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Eat food, Michael Pollan urges. It might be getting harder to do.

Two recent stories in our esteemed local media point out the ways technology is making it harder to be the conscientious thoughtful eater that common sense and Michael Pollan (he of “Eat food,  Not too much. Mostly vegetables” fame) calls us to do.

The Courier-Journal ran a story about a protest rally , wherein a hundred or so marchers carried signs and chanted to urge Monsanto, one of the largest producers of genetically modified seeds, to label the GMO  content of their products. 

The story details the problems that the protesters see in GMO foods, claiming that consumers deserve to know just what it is they are eating. Several states have passed laws mandating disclosure of GMO content, a move that Monsanto and other food producers are fighting mightily in state and national legislatures. They are all for voluntary labeling, Monsanto says, disingenuously, but they certainly are not volunteering to do so.

Whether GMO foods are actually harmful to human health, or are benign and beneficial to farmers is still an open question. GMO seeds can be manufactured to contain their own pesticides and herbicides, reducing the need for chemical applications. But the protesters argue that consumers are being used as guinea pigs to test out unproven technology, and are being made to consume GMO experiments unaware, because labeling is not mandatory.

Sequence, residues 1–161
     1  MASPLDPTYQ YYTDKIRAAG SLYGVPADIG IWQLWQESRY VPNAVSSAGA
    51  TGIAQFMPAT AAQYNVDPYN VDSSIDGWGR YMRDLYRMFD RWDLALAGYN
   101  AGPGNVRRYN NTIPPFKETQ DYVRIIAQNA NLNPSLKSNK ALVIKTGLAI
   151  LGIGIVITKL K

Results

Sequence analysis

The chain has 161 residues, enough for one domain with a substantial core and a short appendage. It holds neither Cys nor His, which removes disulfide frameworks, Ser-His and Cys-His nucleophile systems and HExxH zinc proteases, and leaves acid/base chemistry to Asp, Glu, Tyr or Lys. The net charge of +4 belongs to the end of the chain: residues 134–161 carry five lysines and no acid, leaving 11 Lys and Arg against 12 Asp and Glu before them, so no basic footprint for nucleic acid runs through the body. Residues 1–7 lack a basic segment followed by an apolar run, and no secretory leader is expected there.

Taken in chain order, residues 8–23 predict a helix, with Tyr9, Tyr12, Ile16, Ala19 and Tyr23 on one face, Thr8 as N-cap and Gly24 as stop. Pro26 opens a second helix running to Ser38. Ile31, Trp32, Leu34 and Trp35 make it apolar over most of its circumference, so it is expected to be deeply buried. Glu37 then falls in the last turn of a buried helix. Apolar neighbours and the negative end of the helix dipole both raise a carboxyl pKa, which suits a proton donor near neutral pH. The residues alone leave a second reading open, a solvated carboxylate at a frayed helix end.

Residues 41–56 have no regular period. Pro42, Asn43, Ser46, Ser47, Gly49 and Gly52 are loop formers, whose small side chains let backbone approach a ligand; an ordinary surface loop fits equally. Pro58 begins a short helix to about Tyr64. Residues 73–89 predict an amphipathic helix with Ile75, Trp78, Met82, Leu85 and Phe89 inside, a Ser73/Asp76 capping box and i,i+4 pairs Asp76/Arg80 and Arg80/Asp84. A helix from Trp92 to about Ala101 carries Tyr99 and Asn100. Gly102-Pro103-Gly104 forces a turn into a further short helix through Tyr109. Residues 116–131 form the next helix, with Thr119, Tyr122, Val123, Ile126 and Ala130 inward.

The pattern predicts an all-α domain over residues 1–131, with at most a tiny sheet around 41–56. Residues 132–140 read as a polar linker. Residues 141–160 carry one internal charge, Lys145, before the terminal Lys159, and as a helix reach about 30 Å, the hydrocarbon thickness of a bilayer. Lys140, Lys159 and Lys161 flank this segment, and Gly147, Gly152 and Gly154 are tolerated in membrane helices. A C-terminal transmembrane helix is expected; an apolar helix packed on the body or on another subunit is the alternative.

Also, the Science news page of the C-J ran what seemed to be a preposterous article from the wire services, about efforts of Dutch scientists to fabricate animal muscle protein, to “culture” it, in a laboratory.

The scientists argue with impeccably gloomy logic: “Rising global demand for meat will result in increased environmental pollution, energy consumption and animal suffering,” the Dutch scientists wrote last week in the journal Trends in Biotechnology.

“As large parts of the world become more prosperous, the global consumption of meat is expected to rise enormously in the coming decades.”

This growing demand for meat necessitates, they argue,  a “protein transition,” which will probably involve substituting some vegetable products for meat, keeping fewer animals on factory farms and possibly eating insects.

And these scientists look to a future where “every village” maintains a cultured meat facility in which muscle stem cells from pigs, cows, chicken, fish or any other animal are allowed to grow and reproduce in 5,200-gallon processing tanks.

“The cells have to be concentrated to minced-meat density and structured into a texture that is appetizing and with good mouth feel,” the scientists explain, but, to their credit, they do acknowledge the ultimate issue: “Although the potential advantages of cultured meat are clear, they do not guarantee that people will want to eat it.”